United States District Court, D. Massachusetts
JOSEPH PRESTI, on behalf of plaintiff and the class members described herein, Plaintiff,
TOYOTA MOTOR SALES U.S.A, INC., and COLONIAL IMPORTS CORP., d/b/a TOYOTA OF NASHUA, Defendants.
MEMORANDUM AND ORDER
J. Casper United States District Judge
Joseph Presti (“Presti”) has filed this lawsuit
against Toyota Motor Sales U.S.A., Inc.
(“Toyota”) and Colonial Imports Corp., doing
business as Toyota of Nashua (“Colonial”)
(collectively, the “Defendants”), alleging
deceptive practices under Massachusetts and New Hampshire
consumer protection law, Mass. Gen. L. c. 93A (“Chapter
93A”) and N.H. Rev. Stat. § 358-A
(“NHCPA”), respectively, and unjust enrichment.
D. 21. Toyota and Colonial now have moved to dismiss
Presti's second amended complaint in its entirety under
Fed.R.Civ.P. 12(b)(6). D. 23; D. 25. For the reasons stated
below, the Court ALLOWS both motions and dismisses
Presti's second amended complaint in its entirety.
Standard of Review
survive a motion to dismiss under Rule 12(b)(6), a complaint
must include “enough facts to state a claim to relief
that is plausible on its face.” Bell Atl. Corp. v.
Twombly, 550 U.S. 544, 570 (2007);
García-Catalán v. United States, 734
F.3d 100, 103 (1st Cir. 2013). The Court “must assume
the truth of all well-plead[ed] facts and give the plaintiff
the benefit of all reasonable inferences therefrom.”
Ruiz v. Bally Total Fitness Holding Corp., 496 F.3d
1, 5 (1st Cir. 2007). “A pleading that offers
‘labels and conclusions' or ‘a formulaic
recitation of the elements of a cause of action will not
do.'” Ashcroft v. Iqbal, 556 U.S. 662, 678
(2009) (quoting Twombly, 550 U.S. at 555).
alleging fraud, a pleading party “must state with
particularity the circumstances constituting fraud.”
Fed.R.Civ.P. 9(b). This requires the pleader to “allege
with particularity the who, what, when, where, and how of the
fraud.” D'Agostino v. ev3, Inc., 845 F.3d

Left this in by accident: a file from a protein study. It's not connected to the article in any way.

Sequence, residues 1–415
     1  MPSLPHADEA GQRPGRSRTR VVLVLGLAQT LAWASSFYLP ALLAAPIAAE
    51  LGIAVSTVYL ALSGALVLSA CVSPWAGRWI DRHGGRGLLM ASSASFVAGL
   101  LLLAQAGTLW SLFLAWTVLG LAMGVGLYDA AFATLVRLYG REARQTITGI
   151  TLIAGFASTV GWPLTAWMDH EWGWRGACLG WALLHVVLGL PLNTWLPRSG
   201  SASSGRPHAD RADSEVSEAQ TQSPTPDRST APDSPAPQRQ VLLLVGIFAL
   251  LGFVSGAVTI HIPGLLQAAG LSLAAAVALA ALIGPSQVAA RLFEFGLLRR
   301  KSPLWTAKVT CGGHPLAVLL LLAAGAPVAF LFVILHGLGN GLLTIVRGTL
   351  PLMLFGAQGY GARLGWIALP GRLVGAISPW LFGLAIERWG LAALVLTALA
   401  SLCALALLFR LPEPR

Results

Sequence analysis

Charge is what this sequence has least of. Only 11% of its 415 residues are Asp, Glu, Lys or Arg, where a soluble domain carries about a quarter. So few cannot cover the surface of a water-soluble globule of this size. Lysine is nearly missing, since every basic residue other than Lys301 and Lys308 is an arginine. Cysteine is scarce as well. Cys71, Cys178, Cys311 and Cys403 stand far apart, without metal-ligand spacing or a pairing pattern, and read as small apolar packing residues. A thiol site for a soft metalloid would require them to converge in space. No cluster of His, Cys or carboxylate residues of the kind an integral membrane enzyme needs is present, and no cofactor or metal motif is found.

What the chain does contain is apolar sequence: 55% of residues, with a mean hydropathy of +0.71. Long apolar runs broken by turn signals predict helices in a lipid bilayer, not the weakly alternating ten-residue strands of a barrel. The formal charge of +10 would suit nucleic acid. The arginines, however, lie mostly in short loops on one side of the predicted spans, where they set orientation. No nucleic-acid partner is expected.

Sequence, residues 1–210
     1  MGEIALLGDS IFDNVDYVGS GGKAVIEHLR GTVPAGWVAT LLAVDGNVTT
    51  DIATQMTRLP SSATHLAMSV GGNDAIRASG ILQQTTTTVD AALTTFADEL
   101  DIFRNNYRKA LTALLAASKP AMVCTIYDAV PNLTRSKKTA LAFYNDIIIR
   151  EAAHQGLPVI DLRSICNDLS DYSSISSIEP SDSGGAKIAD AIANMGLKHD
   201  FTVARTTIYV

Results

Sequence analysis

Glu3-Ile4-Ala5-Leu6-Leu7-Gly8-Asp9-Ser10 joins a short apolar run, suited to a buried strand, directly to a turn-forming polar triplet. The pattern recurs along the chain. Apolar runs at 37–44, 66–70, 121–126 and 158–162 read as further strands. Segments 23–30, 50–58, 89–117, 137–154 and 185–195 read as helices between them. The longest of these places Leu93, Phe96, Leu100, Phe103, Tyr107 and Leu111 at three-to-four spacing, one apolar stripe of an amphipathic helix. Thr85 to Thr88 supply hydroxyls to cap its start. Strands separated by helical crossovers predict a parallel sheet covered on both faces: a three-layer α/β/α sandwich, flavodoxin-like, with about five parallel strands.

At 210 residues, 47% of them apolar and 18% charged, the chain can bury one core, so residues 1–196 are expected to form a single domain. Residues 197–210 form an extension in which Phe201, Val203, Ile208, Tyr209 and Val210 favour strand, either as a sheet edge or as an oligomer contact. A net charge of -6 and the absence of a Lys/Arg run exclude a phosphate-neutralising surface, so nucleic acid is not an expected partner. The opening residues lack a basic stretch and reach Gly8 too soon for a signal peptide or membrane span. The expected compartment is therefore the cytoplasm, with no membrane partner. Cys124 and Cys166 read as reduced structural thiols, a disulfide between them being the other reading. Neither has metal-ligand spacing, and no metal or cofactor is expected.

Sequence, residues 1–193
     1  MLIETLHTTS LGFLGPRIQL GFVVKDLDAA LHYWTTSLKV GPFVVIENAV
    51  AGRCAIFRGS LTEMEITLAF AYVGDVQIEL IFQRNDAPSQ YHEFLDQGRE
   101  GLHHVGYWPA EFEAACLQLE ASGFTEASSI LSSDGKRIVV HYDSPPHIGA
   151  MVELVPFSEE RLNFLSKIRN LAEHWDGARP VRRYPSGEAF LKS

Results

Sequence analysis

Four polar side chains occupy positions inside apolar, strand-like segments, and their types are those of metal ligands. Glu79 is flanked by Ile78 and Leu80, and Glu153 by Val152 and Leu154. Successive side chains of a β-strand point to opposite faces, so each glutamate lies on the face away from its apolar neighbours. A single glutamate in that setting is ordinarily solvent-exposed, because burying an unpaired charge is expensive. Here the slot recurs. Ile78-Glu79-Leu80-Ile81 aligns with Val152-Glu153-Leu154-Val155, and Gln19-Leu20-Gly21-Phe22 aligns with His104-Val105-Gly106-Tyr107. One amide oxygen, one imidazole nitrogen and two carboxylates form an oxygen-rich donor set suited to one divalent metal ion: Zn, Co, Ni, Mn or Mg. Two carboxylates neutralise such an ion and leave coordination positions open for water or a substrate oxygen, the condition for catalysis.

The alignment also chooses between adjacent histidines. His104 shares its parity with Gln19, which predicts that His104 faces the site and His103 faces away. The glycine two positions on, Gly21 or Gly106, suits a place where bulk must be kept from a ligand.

1, 10 (1st Cir. 2016); see also SEC v. Tambone, 597
F.3d 436, 442 (1st Cir. 2010). Rule 9(b) requires a complaint
to “specify the statements that the plaintiff contends
were fraudulent” and “explain why the statements
were fraudulent.” Suna v. Bailey Corp., 107
F.3d 64, 68 (1st Cir. 1997). Furthermore, “where there
are multiple defendants, the specific role of each must be
alleged.” Rick v. Profit Mgmt. Assocs., Inc.,
241 F.Supp.3d 215, 224 (D. Mass. 2017). This applies not only
to fraud claims, but also to claims that “effectively
charge fraud.” N. Am. Catholic Educ. Programming
Found., Inc. v. Cardinale, 567 F.3d 8, 15 (1st Cir.
following facts are based upon the allegations in
Presti's second amended complaint, D. 21, and are
accepted as true for the consideration of the motion to
dismiss. Toyota, a California corporation, imports,
advertises and sells Toyota products within the United
States. D. 21 ¶ 5. Colonial operates a Toyota dealership
in Nashua, New Hampshire and advertises to customers both in
New Hampshire and in certain towns in Massachusetts. D. 21
¶¶ 6, 8. One town where Colonial advertises is
Littleton, Massachusetts, where Presti resides. D. 21
¶¶ 4, 8.
September and October 2016, Toyota advertised a “tire
savings event” at Toyota locations throughout the
United States, including at Colonial's Nashua location,
offering “[t]hree tires at regular price, fourth tire
for one dollar.” D. 21 ¶¶ 8-9. Presti alleges
that Toyota “had a cooperative advertising program for
Toyota dealers” like Colonial, by which Toyota funded
“a substantial portion of the cost of the
advertising” and “either required prior approval
for the mailers . . . or was familiar with their
content.” D. 21 ¶¶ 19, 22. Colonial
distributed this promotion advertising “throughout its
market area” and “repeated the
representations” to customers visiting the dealership.
D. 21 ¶ 25.
traveled to Colonial in New Hampshire “in
response” to this advertisement. D. 21 ¶ 13.
Upon arriving at Colonial, Presti was offered three tires at
$173 each and a fourth tire at $1, bringing the total price
of the four tires to $520. D. 21 ¶ 14; D. 21 at 42.
Presti alleges that the price of $173 per tire was not the
“regular price, ” as they had been previously
sold at $149.30 per tire prior to the promotion. D. 21
¶¶ 10, 15. Presti complained of this discrepancy to
Colonial and received a $35 “loyalty” discount in
return. D. 21 ¶ 16. After the promotion ended, Presti
claims that the price of the tires was “reduced to
under $150 each.” D. 21 ¶ 17.
instituted this action on February 27, 2017, D. 1, and filed
the second amended complaint on September 5, 2017, D. 21.
Defendants have now moved to dismiss that amended pleading.
D. 23; D. 25. The Court heard the parties on the pending
motions and took the matters under advisement. D. 36.
Presti Has Failed to State a Claim under the Massachusetts or